Diet as a Lever to Improve Your Microbiome and Health | Stanford Center for Clinical Research | Thu, Oct 15, 2020 (Video)

Stanford Center for Clinical Research
Project Baseline Health Study Fall Lecture
Thu, Oct 15, 2020
Content Source/Owner:
Stanford Center for Clinical Research    (SCCR)
1 hr 9 min


“Diet as a Lever to Improve Your Microbiome and Health”
Project Baseline Health Study
2020 Virtual Fall Lecture

Thursday, October 15, 2020

Erica Sonnenburg, PhD
Senior Research Scientist
The Sonnenburg Lab
Department of Microbiology and Immunology

About the speaker:

Erica Sonnenburg is a senior research scientist at the Stanford University School of Medicine in the Department of Microbiology and Immunology where she studies the role of diet on the human intestinal microbiota. 
She has published her groundbreaking scientific findings in prestigious journals such as Cell, Science, and Nature and is the co-author of the book:
“The Good Gut: Taking Control of Your Weight, Your Mood, and Your Long-Term Health.”
Introduction by Kenneth Mahaffey, MD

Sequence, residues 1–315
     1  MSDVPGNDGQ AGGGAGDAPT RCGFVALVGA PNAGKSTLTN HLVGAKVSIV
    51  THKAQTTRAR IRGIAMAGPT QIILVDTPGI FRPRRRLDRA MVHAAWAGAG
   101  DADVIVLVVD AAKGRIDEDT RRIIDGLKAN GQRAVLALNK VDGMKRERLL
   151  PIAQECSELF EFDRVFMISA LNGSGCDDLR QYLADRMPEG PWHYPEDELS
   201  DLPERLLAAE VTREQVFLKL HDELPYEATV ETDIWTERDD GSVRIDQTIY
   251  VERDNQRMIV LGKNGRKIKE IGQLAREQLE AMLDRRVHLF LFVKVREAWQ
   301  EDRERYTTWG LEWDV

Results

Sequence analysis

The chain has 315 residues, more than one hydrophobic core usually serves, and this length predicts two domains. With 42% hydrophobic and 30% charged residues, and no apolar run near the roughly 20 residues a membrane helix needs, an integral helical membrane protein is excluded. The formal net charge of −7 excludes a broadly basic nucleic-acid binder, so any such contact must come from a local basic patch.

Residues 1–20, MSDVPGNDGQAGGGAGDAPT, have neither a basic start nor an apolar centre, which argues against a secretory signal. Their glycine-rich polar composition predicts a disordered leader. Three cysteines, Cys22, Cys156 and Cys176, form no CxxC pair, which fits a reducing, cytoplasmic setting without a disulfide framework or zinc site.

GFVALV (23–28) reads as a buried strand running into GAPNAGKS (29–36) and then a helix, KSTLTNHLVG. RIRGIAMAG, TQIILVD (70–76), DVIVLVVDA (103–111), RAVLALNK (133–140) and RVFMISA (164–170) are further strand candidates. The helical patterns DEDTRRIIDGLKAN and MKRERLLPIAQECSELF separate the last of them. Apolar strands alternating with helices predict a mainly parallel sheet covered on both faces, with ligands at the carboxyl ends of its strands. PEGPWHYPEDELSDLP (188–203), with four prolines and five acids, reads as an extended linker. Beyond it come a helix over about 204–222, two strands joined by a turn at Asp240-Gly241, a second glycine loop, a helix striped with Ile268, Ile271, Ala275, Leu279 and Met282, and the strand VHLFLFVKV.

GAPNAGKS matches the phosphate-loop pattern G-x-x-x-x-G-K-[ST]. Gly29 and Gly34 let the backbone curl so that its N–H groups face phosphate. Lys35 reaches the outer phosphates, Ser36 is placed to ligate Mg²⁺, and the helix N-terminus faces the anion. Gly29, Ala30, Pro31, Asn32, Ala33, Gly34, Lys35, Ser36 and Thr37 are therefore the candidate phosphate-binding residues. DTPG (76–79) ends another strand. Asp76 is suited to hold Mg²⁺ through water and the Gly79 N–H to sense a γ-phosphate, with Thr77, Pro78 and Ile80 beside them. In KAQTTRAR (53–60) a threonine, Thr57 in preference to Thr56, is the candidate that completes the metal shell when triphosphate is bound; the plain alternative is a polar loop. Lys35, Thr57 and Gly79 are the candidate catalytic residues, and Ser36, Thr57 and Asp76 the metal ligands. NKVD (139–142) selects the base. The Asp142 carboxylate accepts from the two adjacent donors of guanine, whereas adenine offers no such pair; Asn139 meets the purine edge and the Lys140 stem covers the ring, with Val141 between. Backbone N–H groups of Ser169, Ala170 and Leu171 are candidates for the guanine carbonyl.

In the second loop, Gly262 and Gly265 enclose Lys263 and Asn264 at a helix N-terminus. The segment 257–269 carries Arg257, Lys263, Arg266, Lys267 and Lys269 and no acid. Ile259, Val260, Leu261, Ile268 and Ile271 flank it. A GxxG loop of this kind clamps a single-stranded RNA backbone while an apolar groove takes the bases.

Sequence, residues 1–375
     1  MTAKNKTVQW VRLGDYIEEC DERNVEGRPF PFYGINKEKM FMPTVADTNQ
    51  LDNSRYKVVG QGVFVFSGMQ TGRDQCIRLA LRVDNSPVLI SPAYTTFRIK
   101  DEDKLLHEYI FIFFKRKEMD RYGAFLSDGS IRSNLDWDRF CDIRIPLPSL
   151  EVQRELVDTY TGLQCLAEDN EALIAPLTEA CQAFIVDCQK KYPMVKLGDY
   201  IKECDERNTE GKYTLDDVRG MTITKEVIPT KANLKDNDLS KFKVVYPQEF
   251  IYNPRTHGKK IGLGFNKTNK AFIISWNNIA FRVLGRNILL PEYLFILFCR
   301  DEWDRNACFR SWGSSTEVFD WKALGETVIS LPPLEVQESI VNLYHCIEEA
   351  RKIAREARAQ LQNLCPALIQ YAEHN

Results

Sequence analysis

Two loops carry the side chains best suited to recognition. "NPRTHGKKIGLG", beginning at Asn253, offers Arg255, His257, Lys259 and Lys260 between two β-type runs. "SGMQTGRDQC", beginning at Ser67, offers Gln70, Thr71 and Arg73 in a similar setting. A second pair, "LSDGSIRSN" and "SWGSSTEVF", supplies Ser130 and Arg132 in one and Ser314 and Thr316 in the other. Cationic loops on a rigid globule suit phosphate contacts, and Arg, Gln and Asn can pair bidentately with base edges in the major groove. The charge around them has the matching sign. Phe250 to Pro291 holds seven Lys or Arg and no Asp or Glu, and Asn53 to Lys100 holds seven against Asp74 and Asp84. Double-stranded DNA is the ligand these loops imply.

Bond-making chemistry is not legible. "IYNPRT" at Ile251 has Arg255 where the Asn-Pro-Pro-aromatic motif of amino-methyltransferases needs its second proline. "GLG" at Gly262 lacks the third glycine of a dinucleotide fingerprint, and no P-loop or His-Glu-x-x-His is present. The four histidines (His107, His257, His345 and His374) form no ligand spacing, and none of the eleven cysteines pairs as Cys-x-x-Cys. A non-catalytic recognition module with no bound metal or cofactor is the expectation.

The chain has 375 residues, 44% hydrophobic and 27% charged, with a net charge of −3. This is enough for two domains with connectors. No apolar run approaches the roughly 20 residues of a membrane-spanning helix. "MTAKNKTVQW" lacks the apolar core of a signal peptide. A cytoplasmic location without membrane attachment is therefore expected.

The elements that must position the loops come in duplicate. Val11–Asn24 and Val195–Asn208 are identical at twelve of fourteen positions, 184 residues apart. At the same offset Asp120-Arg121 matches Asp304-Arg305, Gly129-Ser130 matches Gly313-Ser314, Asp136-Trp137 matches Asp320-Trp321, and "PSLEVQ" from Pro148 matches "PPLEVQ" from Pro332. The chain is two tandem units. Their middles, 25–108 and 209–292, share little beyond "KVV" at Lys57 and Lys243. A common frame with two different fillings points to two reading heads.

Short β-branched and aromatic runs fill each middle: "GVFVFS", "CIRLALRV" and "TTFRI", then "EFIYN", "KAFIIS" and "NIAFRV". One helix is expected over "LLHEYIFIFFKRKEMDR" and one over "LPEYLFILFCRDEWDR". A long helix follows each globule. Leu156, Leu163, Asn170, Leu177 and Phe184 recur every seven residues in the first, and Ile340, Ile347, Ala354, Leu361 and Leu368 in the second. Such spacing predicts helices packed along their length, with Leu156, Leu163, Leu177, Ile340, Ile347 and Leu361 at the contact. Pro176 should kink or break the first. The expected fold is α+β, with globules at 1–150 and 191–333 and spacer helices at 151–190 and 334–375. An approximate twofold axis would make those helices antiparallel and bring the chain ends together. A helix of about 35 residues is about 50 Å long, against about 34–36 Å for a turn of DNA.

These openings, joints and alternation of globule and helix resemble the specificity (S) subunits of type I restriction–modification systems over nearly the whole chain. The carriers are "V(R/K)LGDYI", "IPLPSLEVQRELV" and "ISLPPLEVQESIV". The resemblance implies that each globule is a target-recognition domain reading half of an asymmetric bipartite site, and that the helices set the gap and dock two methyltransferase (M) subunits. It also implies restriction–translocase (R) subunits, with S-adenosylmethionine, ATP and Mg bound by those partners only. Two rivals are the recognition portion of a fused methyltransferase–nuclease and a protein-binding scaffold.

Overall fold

Professor, Vice Chair of Clinical Research, Department of Medicine
Director, Stanford Center for Clinical Research, 
Stanford University School of Medicine
3:05 – Humans are a walking ecosystem
5:08 – The microbiome is integrated into all aspects of human biology
6:18 – Microbes can cause weight gain Obese Lean
8:09 – The microbiome relies on complex carbohydrates
11:18 – A starving microbiome eats you
15:11 – How can we manipulate the microbiome to improve health?
16:32 – The human genome evolves slowly
21:37 – Two different ecosystems
25:39 – Advancing Human Microbiome Science
27:19 – Participants successfully increased their fiber and fermented food intake
33:42 – Immune status changes linked to microbiome diversity
37:19 – Fermented food consumption increased
42:48 – Probiotics did not increase microbiome diversity
44:25 – Individualized analysis reveals “responders”
48:37 – Blending fiber and fermented foods
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